Photograph by Mark Abramson for Harper's Magazine (detail)
Article
The Long Rescue·

= Subscribers only.
Sign in here.
Subscribe here.

He made them groom and feed the half-dozen horses used to transport the raw bricks to the furnace. Like the horses, the children were beaten with whips.
Photograph (detail) © Narendra Shrestha/EPA/Newscom
Article
The Old Man·

= Subscribers only.
Sign in here.
Subscribe here.

The new docudrama The People v. O. J. Simpson: American Crime Story (FX) isn’t really about Orenthal James Simpson. It’s about the trials that ran alongside his — those informal, unboundaried, court-of-public-opinion trials in which evidence was heard for and against the murder victims, the defense and the prosecution, the judge, the jury, and the Los Angeles Police Department, to say nothing of white and black America. History has freed us from suspense about Simpson’s verdict, so that the man himself (played here by Cuba Gooding Jr.) is less the tragic hero he seemed in the mid-Nineties than a curiously minor character. He comes to the center of our attention only once, in Episode 2, at the end of the lengthy Ford Bronco chase scene — which in real life was followed by a surreal cavalcade of police cars and media helicopters, as well as an estimated 95 million live viewers — when Simpson repeatedly, and with apparent sincerity, apologizes for taking up so much of so many people’s time. It is an uncannily ordinary moment of social decorum, a sort of could-you-please-pass-the-salt gesture on a sinking Titanic, in which Simpson briefly becomes more than just an archetype.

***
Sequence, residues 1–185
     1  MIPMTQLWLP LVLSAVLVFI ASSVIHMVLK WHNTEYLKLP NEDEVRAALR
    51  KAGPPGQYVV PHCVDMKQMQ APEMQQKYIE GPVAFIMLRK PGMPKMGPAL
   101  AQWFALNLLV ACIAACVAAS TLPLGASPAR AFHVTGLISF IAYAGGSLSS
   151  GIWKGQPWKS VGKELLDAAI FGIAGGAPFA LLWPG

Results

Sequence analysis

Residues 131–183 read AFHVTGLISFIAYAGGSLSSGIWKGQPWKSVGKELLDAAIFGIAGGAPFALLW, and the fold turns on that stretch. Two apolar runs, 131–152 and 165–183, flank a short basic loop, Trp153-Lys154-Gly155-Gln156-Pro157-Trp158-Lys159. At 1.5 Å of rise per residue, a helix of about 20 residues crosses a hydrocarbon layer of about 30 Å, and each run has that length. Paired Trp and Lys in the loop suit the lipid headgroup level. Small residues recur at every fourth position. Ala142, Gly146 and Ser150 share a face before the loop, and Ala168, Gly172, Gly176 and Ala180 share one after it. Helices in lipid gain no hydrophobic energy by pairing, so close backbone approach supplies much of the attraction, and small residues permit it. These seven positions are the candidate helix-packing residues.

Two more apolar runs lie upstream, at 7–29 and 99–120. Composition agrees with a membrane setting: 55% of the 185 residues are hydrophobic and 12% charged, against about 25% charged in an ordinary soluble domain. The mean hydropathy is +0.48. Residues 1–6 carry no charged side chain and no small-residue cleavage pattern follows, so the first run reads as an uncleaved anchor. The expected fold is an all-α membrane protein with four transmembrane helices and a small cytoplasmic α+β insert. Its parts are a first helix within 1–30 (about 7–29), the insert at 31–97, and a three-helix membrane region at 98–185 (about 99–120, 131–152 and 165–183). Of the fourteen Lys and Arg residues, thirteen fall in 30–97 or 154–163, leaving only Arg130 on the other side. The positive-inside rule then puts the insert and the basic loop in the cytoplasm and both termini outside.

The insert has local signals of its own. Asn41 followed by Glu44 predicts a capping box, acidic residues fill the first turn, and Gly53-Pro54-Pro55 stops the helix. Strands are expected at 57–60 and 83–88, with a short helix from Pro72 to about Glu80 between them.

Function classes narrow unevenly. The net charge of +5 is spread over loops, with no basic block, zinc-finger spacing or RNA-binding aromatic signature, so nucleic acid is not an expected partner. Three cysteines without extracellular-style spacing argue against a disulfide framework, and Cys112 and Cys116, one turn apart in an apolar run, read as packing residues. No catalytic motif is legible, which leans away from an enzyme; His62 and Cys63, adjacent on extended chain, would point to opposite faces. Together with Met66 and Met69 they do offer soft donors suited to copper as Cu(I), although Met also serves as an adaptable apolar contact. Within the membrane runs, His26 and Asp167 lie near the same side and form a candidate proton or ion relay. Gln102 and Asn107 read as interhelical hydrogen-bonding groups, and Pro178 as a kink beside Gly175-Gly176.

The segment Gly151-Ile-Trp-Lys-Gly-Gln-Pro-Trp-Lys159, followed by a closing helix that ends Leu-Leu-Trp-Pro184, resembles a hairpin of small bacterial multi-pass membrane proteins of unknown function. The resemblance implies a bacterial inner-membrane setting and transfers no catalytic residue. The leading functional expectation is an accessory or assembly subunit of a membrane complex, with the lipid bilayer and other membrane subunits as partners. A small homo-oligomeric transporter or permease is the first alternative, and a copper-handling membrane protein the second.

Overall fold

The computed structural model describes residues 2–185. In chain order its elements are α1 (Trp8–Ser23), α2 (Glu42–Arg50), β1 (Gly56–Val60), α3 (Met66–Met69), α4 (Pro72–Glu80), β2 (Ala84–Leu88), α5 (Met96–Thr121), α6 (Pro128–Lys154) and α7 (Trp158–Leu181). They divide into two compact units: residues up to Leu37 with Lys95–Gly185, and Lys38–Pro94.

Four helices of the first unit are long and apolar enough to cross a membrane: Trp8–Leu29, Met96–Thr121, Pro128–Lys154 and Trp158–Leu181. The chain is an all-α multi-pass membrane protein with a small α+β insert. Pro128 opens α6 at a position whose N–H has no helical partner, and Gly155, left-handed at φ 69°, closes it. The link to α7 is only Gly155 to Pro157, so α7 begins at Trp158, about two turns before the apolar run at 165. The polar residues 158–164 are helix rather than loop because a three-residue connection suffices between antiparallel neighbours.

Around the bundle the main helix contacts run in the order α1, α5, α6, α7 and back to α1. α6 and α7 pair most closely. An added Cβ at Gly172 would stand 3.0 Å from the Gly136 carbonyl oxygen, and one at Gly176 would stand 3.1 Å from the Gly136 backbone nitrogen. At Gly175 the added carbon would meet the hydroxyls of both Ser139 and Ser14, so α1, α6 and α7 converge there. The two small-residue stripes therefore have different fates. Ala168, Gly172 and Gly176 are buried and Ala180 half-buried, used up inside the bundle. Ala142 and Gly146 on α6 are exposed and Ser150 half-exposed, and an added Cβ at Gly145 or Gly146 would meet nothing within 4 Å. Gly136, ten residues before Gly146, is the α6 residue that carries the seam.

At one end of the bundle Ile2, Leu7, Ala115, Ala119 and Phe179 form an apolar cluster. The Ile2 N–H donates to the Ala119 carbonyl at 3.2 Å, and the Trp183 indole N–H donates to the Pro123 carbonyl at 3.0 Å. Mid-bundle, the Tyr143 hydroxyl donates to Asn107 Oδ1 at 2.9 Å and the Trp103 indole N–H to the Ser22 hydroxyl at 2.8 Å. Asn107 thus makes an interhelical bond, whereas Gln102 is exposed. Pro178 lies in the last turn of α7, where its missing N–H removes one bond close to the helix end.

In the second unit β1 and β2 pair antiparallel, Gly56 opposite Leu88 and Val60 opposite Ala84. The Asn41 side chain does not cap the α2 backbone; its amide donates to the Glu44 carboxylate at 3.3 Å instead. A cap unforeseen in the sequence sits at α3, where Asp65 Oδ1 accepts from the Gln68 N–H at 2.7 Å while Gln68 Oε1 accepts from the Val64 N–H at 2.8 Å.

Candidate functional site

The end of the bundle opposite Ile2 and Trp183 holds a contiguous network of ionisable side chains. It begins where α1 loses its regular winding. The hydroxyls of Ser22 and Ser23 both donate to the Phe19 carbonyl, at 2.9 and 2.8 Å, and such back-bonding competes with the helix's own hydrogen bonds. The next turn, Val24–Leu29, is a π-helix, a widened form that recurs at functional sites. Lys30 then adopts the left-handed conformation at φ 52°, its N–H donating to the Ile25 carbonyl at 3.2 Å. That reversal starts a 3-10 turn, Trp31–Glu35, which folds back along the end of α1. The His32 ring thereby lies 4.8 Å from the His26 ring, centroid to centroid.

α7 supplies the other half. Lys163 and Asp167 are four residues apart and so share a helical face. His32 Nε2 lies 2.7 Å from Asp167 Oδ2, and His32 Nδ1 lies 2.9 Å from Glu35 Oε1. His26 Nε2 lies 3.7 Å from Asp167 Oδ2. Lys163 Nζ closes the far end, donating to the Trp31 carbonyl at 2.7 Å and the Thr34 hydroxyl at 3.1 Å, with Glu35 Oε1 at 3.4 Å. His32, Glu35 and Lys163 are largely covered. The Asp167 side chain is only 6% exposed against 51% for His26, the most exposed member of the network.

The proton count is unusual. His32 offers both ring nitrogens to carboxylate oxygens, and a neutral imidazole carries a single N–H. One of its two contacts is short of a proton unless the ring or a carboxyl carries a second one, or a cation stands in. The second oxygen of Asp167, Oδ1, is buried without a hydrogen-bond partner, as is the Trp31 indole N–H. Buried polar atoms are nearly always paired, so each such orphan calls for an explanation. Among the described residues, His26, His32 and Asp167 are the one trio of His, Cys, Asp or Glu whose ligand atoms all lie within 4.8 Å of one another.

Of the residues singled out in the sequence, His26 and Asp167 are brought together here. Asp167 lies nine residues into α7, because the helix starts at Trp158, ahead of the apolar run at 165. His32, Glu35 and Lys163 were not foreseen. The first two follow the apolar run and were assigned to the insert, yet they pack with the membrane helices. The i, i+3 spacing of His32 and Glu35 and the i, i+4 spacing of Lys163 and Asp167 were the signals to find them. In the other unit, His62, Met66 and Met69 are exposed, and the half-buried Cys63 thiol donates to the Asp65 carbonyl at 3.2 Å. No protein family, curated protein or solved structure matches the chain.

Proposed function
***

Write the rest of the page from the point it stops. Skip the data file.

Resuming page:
Illustration (detail) by Jen Renninger
Article
New Television·

= Subscribers only.
Sign in here.
Subscribe here.

With its lens shifting from the courtroom to the newsroom to people’s back yards, the series evokes the way in which, for a brief, delusory moment, the O. J. verdict seemed to deliver justice for all black men.
Still from The People vs. OJ Simpson: American Crime Story © FX Networks

Amount an auditor estimated last year that Oregon could save each year by feeding prisoners less food:

$62,000

Kentucky is the saddest state.

An Italian economist was questioned on suspicion of terrorism after a fellow passenger on an American Airlines flight witnessed him writing differential equations on a pad of paper.

Subscribe to the Weekly Review newsletter. Don’t worry, we won’t sell your email address!

HARPER’S FINEST

Mississippi Drift

By

Matt was happy enough to sustain himself on the detritus of a world he saw as careening toward self-destruction, and equally happy to scam a government he despised. 'I’m glad everyone’s so wasteful,' he told me. 'It supports my lifestyle.'

Subscribe Today